• $\begingroup$ Thanks, Carl! I really didn't expect $PA_2$ and $Z_2$ to be equiconsistent, once I starting thinking about the question. $\endgroup$ – David Roberts May 16 '12 at 2:51
  • $\begingroup$ @David Roberts: I realized I might have misunderstood the question, so I expanded my answer just now. $\endgroup$ – Carl Mummert May 16 '12 at 3:05
  • $\begingroup$ Actually I think that I care about $PA_2^s$, since this seems to be the version that corresponds to a NNO - thanks for clarifying. It's interesting that $PA_2^i$ is as weak as (or weaker) than $RCA_0$... $\endgroup$ – David Roberts May 16 '12 at 3:11

Regarding the first question: The second order theory $PA_2$ is usually defined relative to an ambient universe $V$ of Zermelo-Fraenkel set theory, and as such it only has one model up to isomorphism. In other words, $PA_2$ is a categorical theory from the point of view of any model $V$ of $ZF$ since all of its models are isomorphic to $(\Bbb{N},\mathcal{P}(\omega))$, where $\Bbb{N}$ is the standard model of $PA$ and $\mathcal{P}(\omega)$ is the collection of all subsets of natural numbers (from the point of view of $V$).

On the other hand, $Z_2$ is a first-order approximation of $PA_2$, and by some standard theorems of model theory, it has many $2^\kappa$ nonisomorphic models of cardinality $\kappa$ for each infinite cardinal $\kappa$. In particular, there are continuum-many nonisomorphic countable models of $Z_2$. Each such countable model of $Z_2$ is of the form $(\Bbb{M},\mathcal{F})$, where $\Bbb{M}$ is a standard or nonstandard model of $PA$, and $\mathcal{F}$ is a countable family of subsets of the universe of discourse $M$ of $\Bbb{M}$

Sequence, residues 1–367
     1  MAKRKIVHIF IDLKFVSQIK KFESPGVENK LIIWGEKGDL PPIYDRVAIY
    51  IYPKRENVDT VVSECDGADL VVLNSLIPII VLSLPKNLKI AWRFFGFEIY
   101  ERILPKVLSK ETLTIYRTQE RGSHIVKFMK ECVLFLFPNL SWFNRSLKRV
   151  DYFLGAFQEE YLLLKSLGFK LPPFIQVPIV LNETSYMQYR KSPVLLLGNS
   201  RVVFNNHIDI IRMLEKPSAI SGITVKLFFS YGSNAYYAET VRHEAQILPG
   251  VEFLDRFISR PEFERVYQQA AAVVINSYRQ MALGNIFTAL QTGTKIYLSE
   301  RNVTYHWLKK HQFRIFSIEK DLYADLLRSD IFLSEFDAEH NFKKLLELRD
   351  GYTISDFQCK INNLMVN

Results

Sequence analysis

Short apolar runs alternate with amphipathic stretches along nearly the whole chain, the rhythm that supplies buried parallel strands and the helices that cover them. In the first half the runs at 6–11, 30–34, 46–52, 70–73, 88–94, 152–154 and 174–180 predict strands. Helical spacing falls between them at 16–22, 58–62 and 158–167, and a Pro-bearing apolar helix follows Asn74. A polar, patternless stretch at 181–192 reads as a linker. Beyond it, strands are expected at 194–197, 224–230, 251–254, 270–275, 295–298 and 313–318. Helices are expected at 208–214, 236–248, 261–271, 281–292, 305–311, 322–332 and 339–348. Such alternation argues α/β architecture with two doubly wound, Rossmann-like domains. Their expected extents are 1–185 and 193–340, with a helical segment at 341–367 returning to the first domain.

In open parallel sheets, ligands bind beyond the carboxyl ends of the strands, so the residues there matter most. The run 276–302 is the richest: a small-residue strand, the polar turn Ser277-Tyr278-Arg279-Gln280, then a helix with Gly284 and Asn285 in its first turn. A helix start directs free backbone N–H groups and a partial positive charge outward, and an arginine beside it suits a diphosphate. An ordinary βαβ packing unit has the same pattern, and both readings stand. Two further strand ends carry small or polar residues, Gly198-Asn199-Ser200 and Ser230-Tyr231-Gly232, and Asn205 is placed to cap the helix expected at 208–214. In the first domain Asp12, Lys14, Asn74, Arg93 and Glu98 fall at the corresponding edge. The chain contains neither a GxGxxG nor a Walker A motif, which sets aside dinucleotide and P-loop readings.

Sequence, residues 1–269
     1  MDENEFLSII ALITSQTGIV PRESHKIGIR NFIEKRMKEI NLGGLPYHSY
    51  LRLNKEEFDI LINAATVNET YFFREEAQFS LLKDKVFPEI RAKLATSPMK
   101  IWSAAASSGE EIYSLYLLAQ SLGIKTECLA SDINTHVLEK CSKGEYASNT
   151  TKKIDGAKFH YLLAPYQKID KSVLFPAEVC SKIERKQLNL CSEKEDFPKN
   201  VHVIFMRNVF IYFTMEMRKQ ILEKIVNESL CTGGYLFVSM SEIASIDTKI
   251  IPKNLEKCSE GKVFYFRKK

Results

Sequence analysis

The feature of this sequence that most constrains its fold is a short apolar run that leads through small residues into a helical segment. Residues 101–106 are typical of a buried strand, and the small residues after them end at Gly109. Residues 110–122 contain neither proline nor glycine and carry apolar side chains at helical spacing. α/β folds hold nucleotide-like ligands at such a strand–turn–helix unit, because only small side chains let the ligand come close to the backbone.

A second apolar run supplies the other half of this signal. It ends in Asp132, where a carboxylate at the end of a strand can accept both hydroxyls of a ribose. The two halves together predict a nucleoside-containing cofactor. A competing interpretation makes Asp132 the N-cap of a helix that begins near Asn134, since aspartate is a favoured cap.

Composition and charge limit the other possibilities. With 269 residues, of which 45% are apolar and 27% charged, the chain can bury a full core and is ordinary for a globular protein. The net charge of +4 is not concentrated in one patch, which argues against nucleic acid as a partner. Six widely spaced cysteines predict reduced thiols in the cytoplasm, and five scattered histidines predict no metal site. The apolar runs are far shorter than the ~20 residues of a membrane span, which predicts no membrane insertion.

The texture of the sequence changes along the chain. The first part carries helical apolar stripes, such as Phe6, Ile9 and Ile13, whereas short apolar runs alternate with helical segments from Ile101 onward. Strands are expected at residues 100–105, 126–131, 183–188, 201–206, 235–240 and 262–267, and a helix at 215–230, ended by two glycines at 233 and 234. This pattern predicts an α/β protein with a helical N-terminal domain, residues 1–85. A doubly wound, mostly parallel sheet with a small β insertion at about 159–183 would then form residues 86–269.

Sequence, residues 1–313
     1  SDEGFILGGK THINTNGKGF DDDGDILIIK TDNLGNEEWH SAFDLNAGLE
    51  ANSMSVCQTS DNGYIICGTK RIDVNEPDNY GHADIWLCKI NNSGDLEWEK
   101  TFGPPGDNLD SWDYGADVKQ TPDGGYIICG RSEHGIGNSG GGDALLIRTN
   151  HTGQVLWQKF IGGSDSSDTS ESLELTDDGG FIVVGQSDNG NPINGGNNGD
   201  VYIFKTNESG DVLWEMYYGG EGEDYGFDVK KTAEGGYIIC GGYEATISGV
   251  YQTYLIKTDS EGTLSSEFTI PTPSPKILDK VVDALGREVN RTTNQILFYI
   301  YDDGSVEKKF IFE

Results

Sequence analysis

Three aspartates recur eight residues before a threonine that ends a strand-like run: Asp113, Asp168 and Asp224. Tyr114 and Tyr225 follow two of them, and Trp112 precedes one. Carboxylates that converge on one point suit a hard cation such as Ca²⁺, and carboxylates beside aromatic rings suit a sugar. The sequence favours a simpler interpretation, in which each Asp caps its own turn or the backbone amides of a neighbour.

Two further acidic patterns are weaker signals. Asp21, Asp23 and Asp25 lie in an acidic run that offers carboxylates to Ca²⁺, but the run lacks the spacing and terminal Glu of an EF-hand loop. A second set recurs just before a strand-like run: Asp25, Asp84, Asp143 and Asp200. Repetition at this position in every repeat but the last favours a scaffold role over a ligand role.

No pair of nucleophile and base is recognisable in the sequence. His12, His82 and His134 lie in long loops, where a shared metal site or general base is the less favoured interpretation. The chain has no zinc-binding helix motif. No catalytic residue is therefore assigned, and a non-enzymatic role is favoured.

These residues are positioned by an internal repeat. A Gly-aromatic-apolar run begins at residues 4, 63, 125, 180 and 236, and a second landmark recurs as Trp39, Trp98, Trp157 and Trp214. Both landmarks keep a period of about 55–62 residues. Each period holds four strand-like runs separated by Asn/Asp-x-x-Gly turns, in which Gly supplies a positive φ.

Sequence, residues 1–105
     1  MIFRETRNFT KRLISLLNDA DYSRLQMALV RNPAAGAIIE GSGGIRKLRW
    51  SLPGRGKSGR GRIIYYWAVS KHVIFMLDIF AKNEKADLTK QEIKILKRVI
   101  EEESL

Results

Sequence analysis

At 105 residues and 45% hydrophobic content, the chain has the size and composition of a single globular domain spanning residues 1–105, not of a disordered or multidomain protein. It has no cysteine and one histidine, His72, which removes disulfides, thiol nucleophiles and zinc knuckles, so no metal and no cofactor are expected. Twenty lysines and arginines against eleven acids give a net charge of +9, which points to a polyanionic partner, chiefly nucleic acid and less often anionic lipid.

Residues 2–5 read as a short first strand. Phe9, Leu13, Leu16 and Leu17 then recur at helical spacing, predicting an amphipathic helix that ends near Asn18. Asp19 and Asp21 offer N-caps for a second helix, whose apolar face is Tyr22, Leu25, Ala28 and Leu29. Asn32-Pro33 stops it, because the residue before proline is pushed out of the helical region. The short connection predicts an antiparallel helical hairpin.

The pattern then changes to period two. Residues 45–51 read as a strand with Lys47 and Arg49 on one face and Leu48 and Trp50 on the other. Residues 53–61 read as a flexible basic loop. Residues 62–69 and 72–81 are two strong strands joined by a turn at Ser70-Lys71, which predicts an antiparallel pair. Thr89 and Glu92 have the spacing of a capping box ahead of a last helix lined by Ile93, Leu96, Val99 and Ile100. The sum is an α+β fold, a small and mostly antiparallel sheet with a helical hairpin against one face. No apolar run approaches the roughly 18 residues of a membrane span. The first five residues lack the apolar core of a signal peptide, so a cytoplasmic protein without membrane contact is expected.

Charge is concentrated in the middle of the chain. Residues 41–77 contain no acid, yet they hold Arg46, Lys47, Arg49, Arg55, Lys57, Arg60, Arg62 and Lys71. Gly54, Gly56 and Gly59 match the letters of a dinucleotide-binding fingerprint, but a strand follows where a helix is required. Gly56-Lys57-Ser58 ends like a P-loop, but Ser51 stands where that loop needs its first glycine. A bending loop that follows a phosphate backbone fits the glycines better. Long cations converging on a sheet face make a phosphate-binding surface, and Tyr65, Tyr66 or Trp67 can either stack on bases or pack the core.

Regarding the second question: $ACA$ is much stronger than first order Peano Arithmetic $PA$ since it proves Con($PA$) (the formal consistency of $PA$) and much more (itertions of consistency statements) .

However, $ACA$ is, in turn, much weaker than $Z_2$ since already the fragment known as $\Pi^1_1$-$CA$ of $Z_2$ can prove Con($ACA$).

One way to see this is based on an old result (noticed by a number of people, including Takeuti and Feferman) that $ACA$ is equiconsistent with an extension $PA(T)$ of $PA$ with a distinguished predicate $T$ that codes up the full truth predicate for the ambient model of arithmetic. Note that $PA(T)$ includes induction in the extended language of arithmetic augmented by the predicate $T$.

P.S. The subsystem $ATR_0$ of $\Pi^1_1$-$CA$ already proves Con($ACA$).

  • $\begingroup$ "Regarding the second question..." I was asking about $PA_2$ :-) I know $PA$ is weaker than $ACA$. $\endgroup$ – David Roberts May 16 '12 at 3:30
  • $\begingroup$ @David: In my answer to question 2, I mentioned $PA$ in order to highlight the fact that for the same Godelian reasons that $PA$ is weaker than $ACA$, $ACA$ is in turn weaker than $Z_2$. @Carl, $ACA$, being an axiomatizable theory, has many non-$\omega$ models, so your model-theoretic argument for conservativity will not work for such models. $\endgroup$ – Ali Enayat May 16 '12 at 11:09
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    $\begingroup$ I know $ATR_0$ proves the consistency of $ACA_0$, I didn't know it proves the consistency of $ACA$. $\endgroup$ – David Roberts May 18 '12 at 4:13